Things are very different on the testimonial model. It isn’t that one believes, for example, that God was reconciling the world to himself in Christ, because one has first seen or shown that it is likely (with respect to what is certain) that this particular suggestion of Paul’s (or perhaps all of II Corinthians, or perhaps the entire New Testament, or perhaps the entire Bible) is in fact divinely inspired and hence true. This would be vastly too tenuous and speculative. A belief that the passage is a divine revelation, if properly formed by way of historical inquiry, could only be halting and tentative; but then the belief itself would have to be equally halting and tentative. As Calvin puts it:

If we desire to provide in the best way for our consciences—that they may not be perpetually beset by the instability of doubt or vacillation, and that they may not also boggle at the smallest quibbles—we ought to seek our conviction in another place than human reasons, judgment, or conjectures, that is, in the secret testimony of the Spirit.339339   Institutes, p. 78. Of course it doesn’t follow that Scripture scholarship and biblical commentary are not both important and necessary; Calvin himself wrote more than twenty volumes of detailed and searching biblical commentary.

Instead, on the present model the source of belief and knowledge here is independent of ordinary historical investigation and of the probability mongering, the vagaries and uncertainties to which that line of inquiry is condemned. The belief in question is, instead, immediate and basic, an immediate response to the proclamation. Of course this response takes place within the context of a whole interlocking 268system of beliefs; we may add, if we like, that it obtains some of its warrant from its coherence with a coherent system. Nevertheless, the belief is still basic in that it isn’t accepted on the evidential basis of these beliefs or any others. It is basic, and properly basic—with respect to warrant and rationality as well as justification. Says Calvin, no doubt with an anticipatory glance in Locke’s direction,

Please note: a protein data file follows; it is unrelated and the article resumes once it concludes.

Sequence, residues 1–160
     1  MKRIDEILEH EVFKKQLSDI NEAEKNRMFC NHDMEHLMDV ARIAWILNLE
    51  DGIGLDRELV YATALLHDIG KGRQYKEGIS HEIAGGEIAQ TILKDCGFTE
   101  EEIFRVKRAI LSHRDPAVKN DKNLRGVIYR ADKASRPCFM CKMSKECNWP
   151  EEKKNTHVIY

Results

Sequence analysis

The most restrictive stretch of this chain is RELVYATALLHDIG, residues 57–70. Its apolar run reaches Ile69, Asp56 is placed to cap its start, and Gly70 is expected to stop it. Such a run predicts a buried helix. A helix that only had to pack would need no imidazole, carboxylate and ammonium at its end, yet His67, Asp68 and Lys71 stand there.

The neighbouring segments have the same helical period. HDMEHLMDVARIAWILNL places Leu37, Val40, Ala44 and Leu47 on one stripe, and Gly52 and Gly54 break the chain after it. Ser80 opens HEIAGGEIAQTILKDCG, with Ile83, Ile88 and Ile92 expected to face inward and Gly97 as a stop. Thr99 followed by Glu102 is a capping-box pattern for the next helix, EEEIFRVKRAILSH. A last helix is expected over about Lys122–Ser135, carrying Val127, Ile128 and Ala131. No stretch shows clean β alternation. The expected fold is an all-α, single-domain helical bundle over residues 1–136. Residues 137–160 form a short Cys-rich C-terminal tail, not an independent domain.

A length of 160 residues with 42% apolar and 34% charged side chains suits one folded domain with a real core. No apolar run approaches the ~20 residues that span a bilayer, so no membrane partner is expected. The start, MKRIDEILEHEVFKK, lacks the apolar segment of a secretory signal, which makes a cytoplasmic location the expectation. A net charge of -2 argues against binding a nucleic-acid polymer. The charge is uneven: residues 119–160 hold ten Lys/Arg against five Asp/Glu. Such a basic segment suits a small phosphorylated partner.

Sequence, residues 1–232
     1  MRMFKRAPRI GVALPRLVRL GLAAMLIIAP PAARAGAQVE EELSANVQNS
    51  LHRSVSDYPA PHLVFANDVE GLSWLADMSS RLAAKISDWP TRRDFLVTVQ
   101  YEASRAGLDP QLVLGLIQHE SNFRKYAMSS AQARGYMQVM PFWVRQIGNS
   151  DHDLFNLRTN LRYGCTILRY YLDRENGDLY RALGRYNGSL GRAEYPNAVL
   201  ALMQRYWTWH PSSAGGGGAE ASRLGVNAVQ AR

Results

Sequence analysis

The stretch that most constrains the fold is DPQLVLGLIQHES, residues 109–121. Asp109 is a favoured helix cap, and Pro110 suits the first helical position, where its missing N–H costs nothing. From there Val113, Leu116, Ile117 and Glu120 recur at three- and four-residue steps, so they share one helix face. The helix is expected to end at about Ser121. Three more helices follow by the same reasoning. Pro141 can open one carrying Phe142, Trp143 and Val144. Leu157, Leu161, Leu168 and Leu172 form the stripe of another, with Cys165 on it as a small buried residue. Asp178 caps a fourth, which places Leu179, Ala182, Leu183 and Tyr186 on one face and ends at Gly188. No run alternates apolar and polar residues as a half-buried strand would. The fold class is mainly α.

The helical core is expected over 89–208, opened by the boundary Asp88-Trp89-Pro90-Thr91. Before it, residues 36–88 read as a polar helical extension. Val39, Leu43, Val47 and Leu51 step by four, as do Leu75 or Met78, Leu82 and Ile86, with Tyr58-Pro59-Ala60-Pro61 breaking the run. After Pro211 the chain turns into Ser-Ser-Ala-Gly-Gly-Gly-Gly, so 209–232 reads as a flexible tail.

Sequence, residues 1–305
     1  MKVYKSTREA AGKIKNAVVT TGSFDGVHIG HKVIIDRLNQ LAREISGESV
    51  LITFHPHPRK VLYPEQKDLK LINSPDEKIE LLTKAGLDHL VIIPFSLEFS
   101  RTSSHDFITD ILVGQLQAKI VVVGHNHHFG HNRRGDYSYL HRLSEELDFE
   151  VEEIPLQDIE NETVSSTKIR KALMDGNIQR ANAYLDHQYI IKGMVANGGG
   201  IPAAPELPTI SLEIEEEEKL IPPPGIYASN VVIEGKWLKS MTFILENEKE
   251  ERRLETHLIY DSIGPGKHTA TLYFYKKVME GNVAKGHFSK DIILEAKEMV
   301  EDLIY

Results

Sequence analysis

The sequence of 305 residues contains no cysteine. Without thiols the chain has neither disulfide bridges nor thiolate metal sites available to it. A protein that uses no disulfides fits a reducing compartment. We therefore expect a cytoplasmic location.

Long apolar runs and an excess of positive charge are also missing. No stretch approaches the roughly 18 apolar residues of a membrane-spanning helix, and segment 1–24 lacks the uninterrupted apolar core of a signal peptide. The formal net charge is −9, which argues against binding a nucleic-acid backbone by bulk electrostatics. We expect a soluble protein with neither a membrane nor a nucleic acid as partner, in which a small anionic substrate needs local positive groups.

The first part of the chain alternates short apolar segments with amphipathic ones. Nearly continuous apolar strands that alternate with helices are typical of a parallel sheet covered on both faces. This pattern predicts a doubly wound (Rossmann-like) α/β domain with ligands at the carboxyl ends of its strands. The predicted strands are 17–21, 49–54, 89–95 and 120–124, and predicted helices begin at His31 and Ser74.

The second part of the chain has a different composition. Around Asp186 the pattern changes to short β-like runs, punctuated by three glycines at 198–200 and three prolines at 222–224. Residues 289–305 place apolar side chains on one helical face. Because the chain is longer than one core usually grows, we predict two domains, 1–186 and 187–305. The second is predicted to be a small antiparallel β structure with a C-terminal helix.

Since for unbelieving men religion seems to stand by opinion alone, they, in order not to believe anything foolishly or lightly, both wish and demand rational proof that Moses and the prophets spoke divinely. But I reply: the testimony of the Spirit is more excellent than all reason. For as God alone is a fit witness of himself in his Word, so also the Word will not find acceptance in men’s hearts before it is sealed by the inward testimony of the Spirit. The same Spirit, therefore, who has spoken through the mouths of the prophets must penetrate into our hearts to persuade us that they faithfully proclaimed what had been divinely commanded. (79)340340   Note here that the Holy Spirit plays a dual role: inspiring the human authors of Scripture (bringing it about that they say what he wants them to say) but also working in the hearts of the hearers and readers, bringing it about that they believe what they hear and read. So the inward testimony of the Holy Spirit is to what he himself has said.